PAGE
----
The magic formula
By Devangshu Datta November 30, 2006
Can you create genuine wealth with a few accounting entries? Indeed you can—it’s called financial engineering. Consider the situation when a company splits its shares. Let’s say, it decides on a 5:1 share split when it has a total of 1.24 crore outstanding shares, each trading at Rs Y. Post-split there are 6.2 crore shares, and each should trade at roughly one-fifth the earlier price.
Then, our company decides to offer a bonus of 12 shares for every share held post-split. Again, this makes no difference to the cash position. In a bonus, the ownership of reserves is transferred to the shareholders. But the money remains invested in the business. Prices should drop to 1/13th, as a result. The only apparent gain is liquidity—a market lot should now cost 1/65th of the price before the whole split and bonus act. Just how much premium can you place on liquidity? Quite a lot, it appears. When Unitech trotted out this split and bonus combo in May, it hit the sweet spot. Each original Unitech shareholder has received a bewildering 4000% return since the “great divide”.
Perhaps the inordinate reward occurs since a restructuring of these dimensions is seen as the prelude to something bigger—a public issue?
That is the case with DLF, which has performed a far more complex restructuring. It delisted in September 2003, (paying a Rs 5 lakh fine for breach of the Sebi takeover code) and offering Rs 320 per share. In 2005-6, it offered a rights issue of one Rs 100 debenture per share held.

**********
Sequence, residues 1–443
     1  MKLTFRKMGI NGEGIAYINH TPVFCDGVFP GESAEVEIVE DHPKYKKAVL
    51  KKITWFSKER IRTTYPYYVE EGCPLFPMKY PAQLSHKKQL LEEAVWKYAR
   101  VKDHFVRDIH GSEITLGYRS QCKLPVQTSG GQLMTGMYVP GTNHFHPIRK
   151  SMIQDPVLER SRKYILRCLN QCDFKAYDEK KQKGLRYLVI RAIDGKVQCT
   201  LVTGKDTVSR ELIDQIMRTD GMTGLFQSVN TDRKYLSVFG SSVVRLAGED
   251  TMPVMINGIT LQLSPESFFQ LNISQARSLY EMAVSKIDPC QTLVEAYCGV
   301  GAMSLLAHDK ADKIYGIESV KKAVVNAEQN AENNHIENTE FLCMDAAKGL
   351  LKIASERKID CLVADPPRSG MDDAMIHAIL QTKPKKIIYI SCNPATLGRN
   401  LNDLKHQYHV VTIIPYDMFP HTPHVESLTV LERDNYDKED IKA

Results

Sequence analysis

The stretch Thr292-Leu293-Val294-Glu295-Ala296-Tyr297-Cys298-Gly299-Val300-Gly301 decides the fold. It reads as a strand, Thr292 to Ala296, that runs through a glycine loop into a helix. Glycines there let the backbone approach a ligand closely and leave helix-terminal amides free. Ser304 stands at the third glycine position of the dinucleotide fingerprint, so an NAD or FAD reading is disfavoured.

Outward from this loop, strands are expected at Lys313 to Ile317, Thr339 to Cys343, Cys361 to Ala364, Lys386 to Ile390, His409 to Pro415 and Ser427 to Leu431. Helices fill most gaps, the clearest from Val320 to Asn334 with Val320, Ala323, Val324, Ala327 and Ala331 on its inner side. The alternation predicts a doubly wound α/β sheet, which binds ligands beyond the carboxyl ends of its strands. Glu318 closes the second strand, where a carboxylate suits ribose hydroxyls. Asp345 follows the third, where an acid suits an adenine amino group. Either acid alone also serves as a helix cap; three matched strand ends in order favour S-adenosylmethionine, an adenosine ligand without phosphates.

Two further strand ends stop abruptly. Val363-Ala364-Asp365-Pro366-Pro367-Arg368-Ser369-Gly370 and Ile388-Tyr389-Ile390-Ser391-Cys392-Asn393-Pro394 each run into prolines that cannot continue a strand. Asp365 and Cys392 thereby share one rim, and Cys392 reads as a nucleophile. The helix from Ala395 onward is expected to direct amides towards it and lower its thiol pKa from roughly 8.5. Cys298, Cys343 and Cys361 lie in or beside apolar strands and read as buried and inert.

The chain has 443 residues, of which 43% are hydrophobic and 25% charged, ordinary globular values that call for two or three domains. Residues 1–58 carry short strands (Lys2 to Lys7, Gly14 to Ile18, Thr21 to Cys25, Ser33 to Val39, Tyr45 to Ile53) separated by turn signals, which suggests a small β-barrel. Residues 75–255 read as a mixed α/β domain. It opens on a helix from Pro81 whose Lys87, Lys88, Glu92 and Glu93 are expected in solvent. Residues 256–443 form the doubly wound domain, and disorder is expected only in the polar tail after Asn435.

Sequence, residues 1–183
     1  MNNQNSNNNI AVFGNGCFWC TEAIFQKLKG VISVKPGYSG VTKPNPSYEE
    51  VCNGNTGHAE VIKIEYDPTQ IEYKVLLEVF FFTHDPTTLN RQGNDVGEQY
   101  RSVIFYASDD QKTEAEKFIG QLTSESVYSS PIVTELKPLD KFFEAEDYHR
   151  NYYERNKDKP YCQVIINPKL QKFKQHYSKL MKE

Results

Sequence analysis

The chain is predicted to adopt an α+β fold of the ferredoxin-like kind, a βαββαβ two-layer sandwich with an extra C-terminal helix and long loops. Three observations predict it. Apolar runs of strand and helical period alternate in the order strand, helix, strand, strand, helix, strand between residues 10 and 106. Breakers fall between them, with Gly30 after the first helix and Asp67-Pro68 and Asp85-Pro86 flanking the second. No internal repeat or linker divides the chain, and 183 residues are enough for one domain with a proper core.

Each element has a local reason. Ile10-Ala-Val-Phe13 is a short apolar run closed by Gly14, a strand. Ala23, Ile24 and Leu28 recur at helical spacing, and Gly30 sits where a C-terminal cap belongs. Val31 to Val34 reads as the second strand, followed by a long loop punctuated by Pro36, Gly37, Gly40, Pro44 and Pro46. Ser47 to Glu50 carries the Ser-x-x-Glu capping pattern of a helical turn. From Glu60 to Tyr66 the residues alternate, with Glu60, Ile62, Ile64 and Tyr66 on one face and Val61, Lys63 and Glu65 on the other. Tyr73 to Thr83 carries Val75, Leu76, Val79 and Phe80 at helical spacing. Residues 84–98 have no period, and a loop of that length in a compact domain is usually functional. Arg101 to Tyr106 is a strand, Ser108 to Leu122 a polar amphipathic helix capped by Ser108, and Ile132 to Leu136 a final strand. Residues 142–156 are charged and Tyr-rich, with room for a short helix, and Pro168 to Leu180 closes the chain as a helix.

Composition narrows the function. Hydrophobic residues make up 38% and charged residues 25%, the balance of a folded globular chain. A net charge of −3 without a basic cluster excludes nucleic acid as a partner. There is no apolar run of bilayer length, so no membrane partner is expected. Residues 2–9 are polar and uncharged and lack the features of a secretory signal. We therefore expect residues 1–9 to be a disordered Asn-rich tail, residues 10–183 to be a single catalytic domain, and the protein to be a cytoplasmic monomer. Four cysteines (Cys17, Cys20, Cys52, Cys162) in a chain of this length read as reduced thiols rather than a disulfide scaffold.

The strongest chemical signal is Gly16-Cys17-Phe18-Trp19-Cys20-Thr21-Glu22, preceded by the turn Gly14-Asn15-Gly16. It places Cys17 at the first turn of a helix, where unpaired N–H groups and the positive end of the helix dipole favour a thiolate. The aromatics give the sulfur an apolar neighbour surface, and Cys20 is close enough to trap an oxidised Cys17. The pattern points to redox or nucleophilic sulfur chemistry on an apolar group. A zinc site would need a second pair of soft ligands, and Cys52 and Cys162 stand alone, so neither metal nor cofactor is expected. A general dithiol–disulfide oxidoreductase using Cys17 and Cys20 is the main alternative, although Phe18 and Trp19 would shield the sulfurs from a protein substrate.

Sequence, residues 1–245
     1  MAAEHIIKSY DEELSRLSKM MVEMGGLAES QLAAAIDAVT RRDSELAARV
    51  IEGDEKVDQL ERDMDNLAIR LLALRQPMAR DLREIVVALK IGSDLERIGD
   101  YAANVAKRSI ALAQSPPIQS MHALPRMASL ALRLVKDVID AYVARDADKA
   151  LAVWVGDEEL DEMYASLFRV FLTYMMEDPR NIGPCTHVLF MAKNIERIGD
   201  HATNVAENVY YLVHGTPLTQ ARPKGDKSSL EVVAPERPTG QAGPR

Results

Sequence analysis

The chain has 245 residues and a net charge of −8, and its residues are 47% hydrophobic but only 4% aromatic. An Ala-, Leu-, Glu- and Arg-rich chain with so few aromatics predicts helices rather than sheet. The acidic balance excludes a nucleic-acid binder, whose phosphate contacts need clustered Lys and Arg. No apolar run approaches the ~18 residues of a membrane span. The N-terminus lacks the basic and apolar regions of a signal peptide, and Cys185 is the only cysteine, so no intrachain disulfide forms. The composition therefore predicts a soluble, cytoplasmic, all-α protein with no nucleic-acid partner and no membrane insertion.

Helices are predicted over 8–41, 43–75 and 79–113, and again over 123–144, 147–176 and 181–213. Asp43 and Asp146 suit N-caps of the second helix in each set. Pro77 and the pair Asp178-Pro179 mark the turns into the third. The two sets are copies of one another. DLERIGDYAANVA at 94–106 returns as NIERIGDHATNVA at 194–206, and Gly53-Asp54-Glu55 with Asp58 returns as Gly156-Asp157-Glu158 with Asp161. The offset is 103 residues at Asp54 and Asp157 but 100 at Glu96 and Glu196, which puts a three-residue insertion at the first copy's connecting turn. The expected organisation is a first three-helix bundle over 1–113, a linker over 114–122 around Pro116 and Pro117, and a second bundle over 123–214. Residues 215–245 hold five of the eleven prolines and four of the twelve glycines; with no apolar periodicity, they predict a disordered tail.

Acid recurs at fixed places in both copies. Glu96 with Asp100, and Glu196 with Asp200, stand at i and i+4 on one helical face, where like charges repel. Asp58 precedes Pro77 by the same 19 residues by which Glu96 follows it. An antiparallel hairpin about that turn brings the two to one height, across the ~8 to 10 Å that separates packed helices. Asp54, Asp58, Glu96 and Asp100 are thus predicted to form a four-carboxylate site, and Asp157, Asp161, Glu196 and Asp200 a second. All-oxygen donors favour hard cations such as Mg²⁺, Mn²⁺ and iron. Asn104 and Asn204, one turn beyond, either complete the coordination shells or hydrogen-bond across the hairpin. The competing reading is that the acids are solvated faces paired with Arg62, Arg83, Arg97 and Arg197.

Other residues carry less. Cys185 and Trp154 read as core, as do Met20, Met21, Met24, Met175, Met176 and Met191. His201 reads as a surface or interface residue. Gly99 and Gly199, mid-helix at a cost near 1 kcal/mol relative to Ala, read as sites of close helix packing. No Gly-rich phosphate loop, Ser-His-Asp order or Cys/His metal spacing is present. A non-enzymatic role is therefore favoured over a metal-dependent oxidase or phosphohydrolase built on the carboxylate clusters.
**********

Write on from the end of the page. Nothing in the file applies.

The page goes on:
Each debenture was then converted into 10 shares. Then, DLF made a bonus issue of 7:1. And a 5:1 share split is on the agenda at a November 14 EGM, where minority shareholders who claim to have been deprived of the rights offer are also expected to be accommodated.
A single share circa October 2005 will thus soon be the equivalent of 440 shares. If the anticipated IPO goes through at a likely price of Rs 600 per share, the returns could be in the region of 82400%. Splits, bonuses and rights offer are not new tools. A company may offer a bonus as a prelude to hiking future dividends payouts. Or a company, which feels that shares are uncomfortably high-priced, may split them in order to reduce the entry barrier.
ITC has done both — a single ITC share of 1993 is the equivalent of 31 shares now. Infosys and Wipro have notched up even higher “division ratios” of 128 times and 360 times. But those split-bonus combos occurred over long stretches of time. It’s a new trend to do this with quite the same haste as Unitech and DLF. Given the magical returns, it’s likely to catch on.